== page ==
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What will the future Common Consolidated Corporate Tax Base (CCCTB) directive look like? After reviewing, in our previous edition (see Europolitics 3384), the questions related to the legal basis, the scope and the definition of the CCCTB, we now sum up what the European Commission is proposing regarding the principle of consolidation(1)

In its preamble, the document sent to the member states' tax experts reiterates that one of the main benefits of the CCCTB is the introduction of balance sheet consolidation. By freeing companies from compliance obligations pertaining to rules on intra-group transfer prices (2) and by allowing the consolidation of losses in a similar way, this "would contribute to creating a highly attractive area in which to do business in Europe" and would help to secure a stable common tax base "in a competitive world environment".

Consolidation for groups of companies. The first clarification that must be made is that the consolidation would be compulsory for all companies opting for the CCCTB which have a qualifying subsidiary or a permanent establishment in another member state. Consolidation would then extend to the entire tax base of all taxpayers of a group at 100% of the tax base of all entities belonging to the group. A group could therefore be an EU-resident company and its subsidiaries. Consolidation would also concern permanent establishments (of a non-European company) located in two different member states or a group of companies and permanent establishments also located in at least two different member states. Also of note is that in order to qualify as a subsidiary, the subsidiary will have to prove that 75% (or more) of its voting rights are held by the parent company

Changes in the level of ownership. The Commission also suggests several scenarios when a subsidiary included in a group's consolidation changes ownership during the financial year or when a company joins or leaves the CCCTB.

Intra-group transactions. For the Commission, the tax base should not include the profits or the losses made during a intra-group transaction in the framework of the group consolidation.

Consolidation Methods. Firstly, it is important to reiterate that companies that belong to a CCCTB group have to consolidate their tax bases when their share of ownership reaches 75%. This implies neutralising intra-group transactions so that only transactions between the group and third parties and other non-consolidated group companies have any direct tax effect.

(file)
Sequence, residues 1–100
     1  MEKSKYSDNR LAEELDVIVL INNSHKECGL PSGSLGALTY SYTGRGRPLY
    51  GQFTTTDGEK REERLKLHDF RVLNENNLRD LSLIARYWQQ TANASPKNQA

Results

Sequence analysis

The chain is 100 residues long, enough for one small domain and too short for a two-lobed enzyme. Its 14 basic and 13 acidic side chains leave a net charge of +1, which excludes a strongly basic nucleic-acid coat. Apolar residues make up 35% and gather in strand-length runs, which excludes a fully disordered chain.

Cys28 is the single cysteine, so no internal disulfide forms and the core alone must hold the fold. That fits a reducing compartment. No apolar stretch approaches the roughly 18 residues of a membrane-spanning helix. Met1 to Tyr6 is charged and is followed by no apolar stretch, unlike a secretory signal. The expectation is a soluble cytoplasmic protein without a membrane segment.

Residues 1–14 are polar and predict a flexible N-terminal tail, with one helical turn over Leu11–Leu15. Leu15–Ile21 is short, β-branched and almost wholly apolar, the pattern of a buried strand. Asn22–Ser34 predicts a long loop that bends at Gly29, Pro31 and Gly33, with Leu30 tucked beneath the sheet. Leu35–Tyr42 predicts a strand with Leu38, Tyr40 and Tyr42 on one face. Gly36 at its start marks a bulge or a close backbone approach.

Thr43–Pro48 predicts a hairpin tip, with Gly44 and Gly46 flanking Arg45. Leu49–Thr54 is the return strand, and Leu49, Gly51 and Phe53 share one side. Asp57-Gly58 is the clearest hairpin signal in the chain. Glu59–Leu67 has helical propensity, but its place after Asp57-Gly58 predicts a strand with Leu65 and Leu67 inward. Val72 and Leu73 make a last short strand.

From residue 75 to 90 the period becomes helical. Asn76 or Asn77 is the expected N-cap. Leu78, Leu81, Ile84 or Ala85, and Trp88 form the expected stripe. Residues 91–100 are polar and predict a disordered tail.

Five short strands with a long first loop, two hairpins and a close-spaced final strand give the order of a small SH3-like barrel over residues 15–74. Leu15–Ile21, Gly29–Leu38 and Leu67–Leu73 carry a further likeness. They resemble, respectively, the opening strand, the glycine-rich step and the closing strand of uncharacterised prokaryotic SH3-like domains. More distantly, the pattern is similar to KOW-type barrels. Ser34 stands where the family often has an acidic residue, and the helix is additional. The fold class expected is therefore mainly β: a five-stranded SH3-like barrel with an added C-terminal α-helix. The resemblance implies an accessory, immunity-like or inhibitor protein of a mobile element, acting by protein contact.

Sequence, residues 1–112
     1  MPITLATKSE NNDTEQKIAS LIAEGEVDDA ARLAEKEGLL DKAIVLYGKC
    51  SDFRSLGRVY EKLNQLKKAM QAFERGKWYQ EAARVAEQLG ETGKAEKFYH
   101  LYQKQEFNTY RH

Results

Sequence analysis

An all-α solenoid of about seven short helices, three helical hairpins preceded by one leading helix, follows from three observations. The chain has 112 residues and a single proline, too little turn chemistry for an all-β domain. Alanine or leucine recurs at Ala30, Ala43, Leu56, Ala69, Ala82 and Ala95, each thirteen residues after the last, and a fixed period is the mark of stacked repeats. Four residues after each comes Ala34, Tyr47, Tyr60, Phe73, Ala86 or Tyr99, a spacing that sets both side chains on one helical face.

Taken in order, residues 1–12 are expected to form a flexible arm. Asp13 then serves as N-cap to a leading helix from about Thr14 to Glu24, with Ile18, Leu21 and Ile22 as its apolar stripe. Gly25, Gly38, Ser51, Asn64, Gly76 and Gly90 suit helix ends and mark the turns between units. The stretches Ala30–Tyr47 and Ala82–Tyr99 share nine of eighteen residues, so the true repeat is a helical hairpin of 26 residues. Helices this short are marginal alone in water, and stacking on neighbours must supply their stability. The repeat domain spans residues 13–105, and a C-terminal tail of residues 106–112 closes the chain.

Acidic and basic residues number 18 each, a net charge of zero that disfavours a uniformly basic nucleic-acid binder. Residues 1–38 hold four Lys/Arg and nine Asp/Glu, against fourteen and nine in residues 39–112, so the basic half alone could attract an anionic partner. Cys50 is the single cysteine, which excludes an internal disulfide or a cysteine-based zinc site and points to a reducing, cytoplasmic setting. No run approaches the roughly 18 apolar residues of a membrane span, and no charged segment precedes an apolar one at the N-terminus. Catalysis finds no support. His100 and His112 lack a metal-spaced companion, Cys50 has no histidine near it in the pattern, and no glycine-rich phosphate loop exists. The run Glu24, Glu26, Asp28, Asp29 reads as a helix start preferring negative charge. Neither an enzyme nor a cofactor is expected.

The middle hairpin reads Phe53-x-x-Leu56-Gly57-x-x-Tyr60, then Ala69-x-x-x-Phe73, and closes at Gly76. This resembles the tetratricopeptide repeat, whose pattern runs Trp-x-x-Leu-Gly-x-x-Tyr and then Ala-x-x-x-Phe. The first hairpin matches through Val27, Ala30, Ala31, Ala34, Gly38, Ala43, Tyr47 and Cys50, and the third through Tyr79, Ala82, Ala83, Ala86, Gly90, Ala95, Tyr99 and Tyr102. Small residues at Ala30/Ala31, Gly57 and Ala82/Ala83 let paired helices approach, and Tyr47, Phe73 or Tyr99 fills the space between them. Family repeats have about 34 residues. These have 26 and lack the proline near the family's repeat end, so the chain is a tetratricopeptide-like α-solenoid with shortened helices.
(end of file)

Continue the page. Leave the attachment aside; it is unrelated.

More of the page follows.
The Commission suggests two approaches: intra-group income and expenditure (other than that related to depreciable assets) could be either ignored completely or included by each group company and netted off when the consolidation is carried out.

Foreign income. The Commission believes that specific considerations will have to be adopted concerning arrangements existing with third countries in the form of common rules. These rules on foreign income would allow a balance in the need to provide an adequate level of protection to be found. It would also be a question of allowing member states to derogate these agreements temporarily in order to respect existing obligations under agreements with non-EU countries.

The mechanism for sharing the CCCTB, working document of the meeting on 13 December 2006:

Report and overview of the main issues that emerged

during the discussion on the sharing mechanism

SG6 second meeting - 11 June 2007:

(1)Consolidation is a legal obligation made by all businesses holding control over other businesses to establish their overall financial situation by balance sheets and outturn accounts.].

(2)Transfer prices are the prices at which a company transfers tangible or intangible assets, or when it renders services to associated companies.
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Publication:European Report
Geographic Code:4E
Date:Oct 4, 2007

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